The Beauty of the Cross

photo_mt nebo_moses_cross_from-pa.uky.edu

 

At the summit of Mt. Nebo, in Jordan, there is a tall sculpture that commemorates the Bronze Serpent. This is the serpent mentioned in the book of Numbers, in a story about Israel’s wilderness wanderings.

The metal sculpture, by Giovanni Fantoni, features a serpent twisted around a pole. Its head, depicted at the top, is encircled by a loop of its body. The fact that the serpent story occurred at a different place in the wilderness raises the question of why this sculpture is positioned on Mt. Nebo. That location suggests one reason. From the lookout next to the sculpture, people can see Jerusalem on a clear day. The view to the west includes Jericho and other sites in Israel.

Perhaps you have noticed African-American churches named after Mt. Nebo. From it, Moses was allowed to see the Promised Land before he died, without ever getting there. Mt. Nebo, and seeing the Promised Land, have become metaphors for the promise of deliverance and salvation. In recent history, this theme powerfully shaped Martin Luther Kings’ last sermon, on the night before he was assassinated in Memphis. See the film of it, or read his words. They are stirring.

From the biblical story we learn one reason why the serpent became metaphor for healing and deliverance. When Moses fashioned the bronze serpent, the repulsive sight of a snake in the wilderness was transformed, so that it became a symbol of his peoples’ reconciliation with God.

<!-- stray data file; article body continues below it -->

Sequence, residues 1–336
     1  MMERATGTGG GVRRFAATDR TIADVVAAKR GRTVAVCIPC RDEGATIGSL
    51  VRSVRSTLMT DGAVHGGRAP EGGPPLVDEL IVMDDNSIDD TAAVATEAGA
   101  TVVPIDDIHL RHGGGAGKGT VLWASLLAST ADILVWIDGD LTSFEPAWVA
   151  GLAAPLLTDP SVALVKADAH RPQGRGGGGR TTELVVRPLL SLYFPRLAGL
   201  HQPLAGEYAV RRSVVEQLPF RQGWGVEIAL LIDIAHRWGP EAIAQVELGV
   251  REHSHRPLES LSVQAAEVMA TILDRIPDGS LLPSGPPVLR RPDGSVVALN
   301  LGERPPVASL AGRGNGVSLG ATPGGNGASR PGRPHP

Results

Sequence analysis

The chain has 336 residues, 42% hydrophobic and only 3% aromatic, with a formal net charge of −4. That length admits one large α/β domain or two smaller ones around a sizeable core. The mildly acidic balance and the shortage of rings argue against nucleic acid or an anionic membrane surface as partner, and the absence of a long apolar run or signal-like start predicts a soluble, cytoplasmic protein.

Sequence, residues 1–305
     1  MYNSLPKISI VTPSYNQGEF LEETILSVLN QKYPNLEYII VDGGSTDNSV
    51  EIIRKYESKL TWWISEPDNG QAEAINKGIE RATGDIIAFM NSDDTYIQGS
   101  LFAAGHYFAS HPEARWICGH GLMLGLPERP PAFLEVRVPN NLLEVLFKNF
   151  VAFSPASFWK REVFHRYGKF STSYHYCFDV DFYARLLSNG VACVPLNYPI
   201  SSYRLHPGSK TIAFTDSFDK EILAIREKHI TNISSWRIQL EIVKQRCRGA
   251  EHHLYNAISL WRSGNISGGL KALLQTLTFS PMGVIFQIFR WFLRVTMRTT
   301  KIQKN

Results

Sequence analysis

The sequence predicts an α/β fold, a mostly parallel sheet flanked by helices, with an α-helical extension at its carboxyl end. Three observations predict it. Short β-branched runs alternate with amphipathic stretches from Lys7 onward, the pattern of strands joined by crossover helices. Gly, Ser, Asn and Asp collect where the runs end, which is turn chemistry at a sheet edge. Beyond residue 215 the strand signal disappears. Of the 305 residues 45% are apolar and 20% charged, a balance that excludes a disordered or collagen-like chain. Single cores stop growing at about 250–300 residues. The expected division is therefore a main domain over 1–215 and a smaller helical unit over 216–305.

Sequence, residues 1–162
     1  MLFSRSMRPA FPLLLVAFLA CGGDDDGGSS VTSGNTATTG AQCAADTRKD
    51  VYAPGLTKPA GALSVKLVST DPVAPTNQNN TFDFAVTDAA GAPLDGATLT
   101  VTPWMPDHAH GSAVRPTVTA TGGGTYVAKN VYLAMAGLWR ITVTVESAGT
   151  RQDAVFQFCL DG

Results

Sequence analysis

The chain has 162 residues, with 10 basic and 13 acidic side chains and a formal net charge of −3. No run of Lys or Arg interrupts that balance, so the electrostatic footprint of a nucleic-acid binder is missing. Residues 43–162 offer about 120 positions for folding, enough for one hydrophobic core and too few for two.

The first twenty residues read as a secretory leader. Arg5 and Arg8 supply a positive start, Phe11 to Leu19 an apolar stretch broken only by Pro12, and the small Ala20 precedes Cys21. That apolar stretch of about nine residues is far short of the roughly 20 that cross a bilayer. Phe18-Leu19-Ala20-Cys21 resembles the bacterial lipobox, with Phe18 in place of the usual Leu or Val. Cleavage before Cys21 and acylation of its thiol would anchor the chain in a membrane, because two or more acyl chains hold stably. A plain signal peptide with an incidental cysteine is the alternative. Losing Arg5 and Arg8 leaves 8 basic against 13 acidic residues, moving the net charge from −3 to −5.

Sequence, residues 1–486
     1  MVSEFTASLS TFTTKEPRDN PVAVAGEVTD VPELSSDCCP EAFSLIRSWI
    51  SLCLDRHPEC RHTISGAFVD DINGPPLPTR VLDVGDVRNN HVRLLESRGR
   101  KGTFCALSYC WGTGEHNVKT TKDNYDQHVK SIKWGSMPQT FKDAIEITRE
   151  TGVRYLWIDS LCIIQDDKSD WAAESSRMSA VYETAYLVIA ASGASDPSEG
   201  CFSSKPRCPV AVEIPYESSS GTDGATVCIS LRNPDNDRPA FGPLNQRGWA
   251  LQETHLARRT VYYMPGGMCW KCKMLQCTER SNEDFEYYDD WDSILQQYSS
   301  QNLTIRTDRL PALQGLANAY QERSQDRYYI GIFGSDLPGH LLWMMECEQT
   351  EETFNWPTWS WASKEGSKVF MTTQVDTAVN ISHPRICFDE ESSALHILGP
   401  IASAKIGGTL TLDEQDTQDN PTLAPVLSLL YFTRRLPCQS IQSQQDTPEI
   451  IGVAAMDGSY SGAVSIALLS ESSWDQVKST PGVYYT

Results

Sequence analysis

Here, we see how the sculptor was thinking of more than the biting serpents. Clearly, he was also mindful of Jesus’ words in John 3. In addition to depicting the serpent made by Moses, we see how the looped body of the snake around itself also suggests the head of one who has been crucified. We also notice the lyrically shaped crosspieces, evocative of outstretched arms. The sculpture reminds us of Jesus’ words to Nicodemus, “Just as Moses lifted up the serpent in the wilderness, so must the Son of Man be lifted up…” Speaking figuratively, Jesus risked likening himself and his probable death to the bronze serpent. Seeing him lifted up, repentant hearts recognize the power within this new symbol of redemption.

Think about the Cross. Over time, an object representing a dreadful death has come to symbolize a new and different meaning. Something truly frightening was transformed by God into a symbol representing reconciliation with our fear of death. The Romans used the cross as an instrument of violent subjugation, effectively employing it to suppress the will and spirit of nations under their dominion. Through the centuries, the cross has become a symbol of life, and of love. Seeing the One lifted up, opens to us the promised land of new fellowship with God.

 

The Bronze Serpent, by Giovanni Fantoni, on Mt. Nebo, in Jordan. See, also, Numbers 21:4-9, and John 3:14-21. For a link to my Sunday homily on this theme, and referencing both the sculpture and M.L. King’s last sermon, please click here.

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